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The two playwrights revolve around issues of concern to contemporary society. These include violence, love, romance and care, among others. This is evident throughout the play as protagonists interact with other characters to develop themes such as love, chauvinism and romance, among others. One of the playwrights, Orphan of China, gives a story in which the emperor kills rivals in order to remain in power.
These plays involve paradoxical events in which people sacrifice their lives for the king’s sake. Interestingly, women are given important roles in the playwrights. However, it is quite important to note that they play different roles throughout the stories.
Moreover, their stance in tough situations is significant in both cases. This paper will explore these playwrights with a view to establishing similarities and differences associated with the role of women. In addition, it will also explore use of these characters in developing the main themes.
Goldini’s mistress of the Inn
This story revolves around a young woman known as Mirandolina. Mirandolina is a beautiful woman whose father dies and leaves her an Inn as inheritance. In addition, the father proposes a suitor for her in the name of Fabricius. Fabricius is a waiter in the same Inn.
He acts modestly although with great interest in Mirandolina. Three other characters are introduced in the play as Marquis, Count and Cavalier. At first, only Marquis and Count are seen to admire Mirandolina. On the other hand, Cavalier is portrayed as a woman-hater. Marquis on the other hand, lives in poverty, although he is a noble. This is in complete contrast to Count who boasts of riches, which he uses to seduce Mirandolina.
The two men circle around Mirandolina as Fabricius watches closely with envy. Mirandolina on the other hand, only wants them to worship her with the aim of remaining single, as she hates men.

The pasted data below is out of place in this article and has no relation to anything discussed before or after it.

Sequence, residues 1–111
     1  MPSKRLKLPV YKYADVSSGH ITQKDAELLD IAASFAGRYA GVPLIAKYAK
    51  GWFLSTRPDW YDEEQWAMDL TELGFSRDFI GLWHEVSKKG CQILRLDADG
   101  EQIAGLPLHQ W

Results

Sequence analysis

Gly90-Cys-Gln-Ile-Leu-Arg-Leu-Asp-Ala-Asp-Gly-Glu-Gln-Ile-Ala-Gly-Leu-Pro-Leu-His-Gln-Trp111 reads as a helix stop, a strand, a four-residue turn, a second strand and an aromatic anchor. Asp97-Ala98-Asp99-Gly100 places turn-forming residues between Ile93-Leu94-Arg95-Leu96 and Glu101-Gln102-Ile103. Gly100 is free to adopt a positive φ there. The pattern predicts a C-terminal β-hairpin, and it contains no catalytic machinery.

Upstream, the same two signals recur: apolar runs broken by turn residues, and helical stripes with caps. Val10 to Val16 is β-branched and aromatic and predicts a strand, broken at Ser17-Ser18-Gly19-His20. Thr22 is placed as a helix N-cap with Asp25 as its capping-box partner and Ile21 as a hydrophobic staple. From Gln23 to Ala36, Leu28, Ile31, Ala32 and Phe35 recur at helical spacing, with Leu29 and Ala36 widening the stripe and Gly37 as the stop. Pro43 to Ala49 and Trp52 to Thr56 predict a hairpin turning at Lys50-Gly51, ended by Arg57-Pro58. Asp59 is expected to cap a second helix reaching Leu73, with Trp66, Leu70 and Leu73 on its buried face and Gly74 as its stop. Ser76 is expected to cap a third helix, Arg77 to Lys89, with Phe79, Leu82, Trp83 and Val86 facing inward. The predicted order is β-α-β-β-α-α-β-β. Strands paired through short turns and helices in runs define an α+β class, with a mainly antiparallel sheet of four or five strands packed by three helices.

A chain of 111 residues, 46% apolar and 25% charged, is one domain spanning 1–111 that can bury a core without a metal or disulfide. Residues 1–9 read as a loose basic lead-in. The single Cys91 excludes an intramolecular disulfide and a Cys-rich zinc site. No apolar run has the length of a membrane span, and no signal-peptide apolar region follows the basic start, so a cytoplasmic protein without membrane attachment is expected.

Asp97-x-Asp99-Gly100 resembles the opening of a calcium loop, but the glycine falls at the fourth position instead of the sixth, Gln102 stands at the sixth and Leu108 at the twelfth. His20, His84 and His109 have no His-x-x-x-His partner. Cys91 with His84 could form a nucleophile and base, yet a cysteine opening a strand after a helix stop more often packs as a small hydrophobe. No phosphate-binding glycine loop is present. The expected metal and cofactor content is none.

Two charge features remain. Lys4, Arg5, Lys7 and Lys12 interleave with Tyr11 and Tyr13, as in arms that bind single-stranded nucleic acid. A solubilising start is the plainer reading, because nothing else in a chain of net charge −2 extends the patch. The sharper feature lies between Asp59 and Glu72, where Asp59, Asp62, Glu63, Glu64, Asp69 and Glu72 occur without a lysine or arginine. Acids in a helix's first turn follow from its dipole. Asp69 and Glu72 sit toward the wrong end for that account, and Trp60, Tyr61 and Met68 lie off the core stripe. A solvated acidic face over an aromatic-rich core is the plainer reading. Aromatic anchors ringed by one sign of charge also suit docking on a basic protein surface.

However, new twists are observed when she decides to seduce Cavalier in order to make him worship her. Cavalier ends up falling in love with her before she turns to marry Fabricius. Ultimately, the three men Marquis, Count and Cavalier decide to leave after realizing her deceit.
Voltaire’s Orphan of China
The play, Orphan of China is derived from a famous Chinese play, the orphan of Chao, which was written in thirteenth century. Its original version involved a war between Chao’s family and the conqueror who wanted to exterminate them. In the process, the emperor ordered Chao to kill himself, which he did. However, before that, he asked his wife to name their baby after him, in order to conserve his household.
In the process, several people sacrificed their lives in order to keep the secret of the orphan’s escape from jail, where her mother had been confined. Of great concern is the fact that his mother sacrificed her life for a child she was not sure could survive. In Voltaire’s orphan of China, the King and his household are captured and killed except his youngest son.
Zamti promises to care for the child by saving him from further anguish. However, this could succeed without sacrificing their only son. This is mainly because the Conqueror, Genghis was in hot pursuit of this child.
Further twists are witnessed when the conqueror finds them before a decision is made on whether to kill their son. Interestingly, Zamti’s wife, Idame changes numerous things through her contact with the new Conqueror who ends up falling for her wit.
Use female character
Female characters are given important roles in both plays. This is evident in Mirandolina’s case where she is left with an Inn as her inheritance. In addition, she is embodied with beauty that appeals to all men within the Inn. She uses this to her advantage in order to continue her hatred for men.
On the other hand, one of the customers, Cavalier professes hate for women. In essence, the theme of male and female chauvinism is well developed throughout the play. In this regard, Mirandolina is used to coerce male chauvinism. The theme of love is also prominent in both plays as female characters are used as centers of love. This is evident in Mirandolina’s case wherein everyone falls in love with her.